BSO, Rogers launch $750K script development fund

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The Rogers/Black Screen Office Script Development Fund will give Black and people of colour creators access to financial support to bring their projects to the market.

The Black Screen Office (BSO) has partnered with Rogers Group of Funds and the Canadian Independent Screen Fund (CISF) to create a $750,000 script development fund for Black and people of colour creators.

The Rogers/Black Screen Office Script Development Fund will offer creators financial support for their scripted or unscripted titles from outline to script in order to pitch them to commissioners in the global market.

Set to open in July, the fund – which is open to French and English submissions – will be delivered over the next three years, with selected projects announced in September.

The new fund “seeks to address a longstanding imbalance on call sheets and screen credits by bringing more voices from diverse communities to the creative table,” according to the release.

The Rogers Group of Funds will “reinvest a percentage of the gross revenues to support the creation of Canadian content,” with CISF serving as the fund administrator. Additional information on format criteria, eligibility and other details will be announced at a later date.

“Canadian Black content creators want to tell their own stories,” said Joan Jenkinson, executive director of the BSO, in a statement. “From the beginning of the film and television industries in this country, Black Canadians have struggled to have their stories, beliefs, opinions and identities represented in an industry that really didn’t see us. The Rogers/Black Screen Office Script Development Fund is a meaningful way to bring equity and opportunity to our community and celebrate our voices and unique perspectives.”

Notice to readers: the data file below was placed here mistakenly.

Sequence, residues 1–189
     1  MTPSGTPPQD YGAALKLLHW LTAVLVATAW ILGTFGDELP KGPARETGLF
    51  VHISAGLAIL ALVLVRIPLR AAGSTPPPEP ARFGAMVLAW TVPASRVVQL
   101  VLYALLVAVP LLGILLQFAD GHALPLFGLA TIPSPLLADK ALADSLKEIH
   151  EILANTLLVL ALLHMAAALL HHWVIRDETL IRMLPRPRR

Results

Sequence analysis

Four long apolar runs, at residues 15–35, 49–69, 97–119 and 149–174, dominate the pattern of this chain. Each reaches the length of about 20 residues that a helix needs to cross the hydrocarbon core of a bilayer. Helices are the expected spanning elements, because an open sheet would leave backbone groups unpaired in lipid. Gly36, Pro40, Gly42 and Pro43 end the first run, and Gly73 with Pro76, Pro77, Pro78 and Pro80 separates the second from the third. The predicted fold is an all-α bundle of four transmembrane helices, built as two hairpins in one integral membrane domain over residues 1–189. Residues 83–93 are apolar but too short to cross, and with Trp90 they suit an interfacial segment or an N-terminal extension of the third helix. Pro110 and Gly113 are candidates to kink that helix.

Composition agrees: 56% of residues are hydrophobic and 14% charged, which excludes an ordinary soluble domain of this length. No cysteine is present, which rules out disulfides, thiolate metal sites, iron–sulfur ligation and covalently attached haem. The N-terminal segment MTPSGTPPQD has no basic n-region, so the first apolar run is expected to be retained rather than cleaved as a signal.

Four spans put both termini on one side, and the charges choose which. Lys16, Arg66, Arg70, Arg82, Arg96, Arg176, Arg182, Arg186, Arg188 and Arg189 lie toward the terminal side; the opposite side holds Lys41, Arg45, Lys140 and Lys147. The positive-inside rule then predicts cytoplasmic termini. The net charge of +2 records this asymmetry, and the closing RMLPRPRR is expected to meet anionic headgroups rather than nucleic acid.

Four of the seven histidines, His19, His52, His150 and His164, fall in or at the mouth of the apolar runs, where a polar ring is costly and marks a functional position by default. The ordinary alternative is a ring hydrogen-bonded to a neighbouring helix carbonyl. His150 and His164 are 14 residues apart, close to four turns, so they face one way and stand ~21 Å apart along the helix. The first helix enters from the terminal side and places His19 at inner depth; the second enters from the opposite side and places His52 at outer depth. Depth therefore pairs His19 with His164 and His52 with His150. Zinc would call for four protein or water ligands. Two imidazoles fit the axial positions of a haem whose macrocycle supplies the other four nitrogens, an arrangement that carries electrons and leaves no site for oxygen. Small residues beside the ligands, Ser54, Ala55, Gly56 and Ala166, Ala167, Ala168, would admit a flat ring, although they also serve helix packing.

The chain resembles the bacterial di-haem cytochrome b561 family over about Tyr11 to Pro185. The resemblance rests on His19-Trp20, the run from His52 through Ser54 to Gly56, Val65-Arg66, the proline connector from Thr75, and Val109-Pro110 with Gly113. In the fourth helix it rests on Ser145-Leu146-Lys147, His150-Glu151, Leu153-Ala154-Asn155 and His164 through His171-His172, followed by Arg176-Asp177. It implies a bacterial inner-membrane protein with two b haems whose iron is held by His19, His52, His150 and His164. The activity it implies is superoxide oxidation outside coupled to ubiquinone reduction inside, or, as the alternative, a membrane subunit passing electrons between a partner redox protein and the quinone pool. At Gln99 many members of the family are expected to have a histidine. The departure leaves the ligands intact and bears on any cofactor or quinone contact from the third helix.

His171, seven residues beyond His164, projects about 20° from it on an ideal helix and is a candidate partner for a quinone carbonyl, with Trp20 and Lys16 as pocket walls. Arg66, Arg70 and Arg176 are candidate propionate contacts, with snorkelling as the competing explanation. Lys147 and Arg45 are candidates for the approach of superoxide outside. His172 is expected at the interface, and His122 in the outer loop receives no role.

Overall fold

The number of diverse writers working in Canadian TV has been increasing, according to a recent report by the Writers Guild of Canada, which stated that 26% of working writers under WGC jurisdiction identified as diverse in 2019, compared to 16% in 2016. The guild’s first-ever diversity and inclusion report noted that the continued decline in Canadian commissions has particularly impacted opportunities for writers from underrepresented communities.

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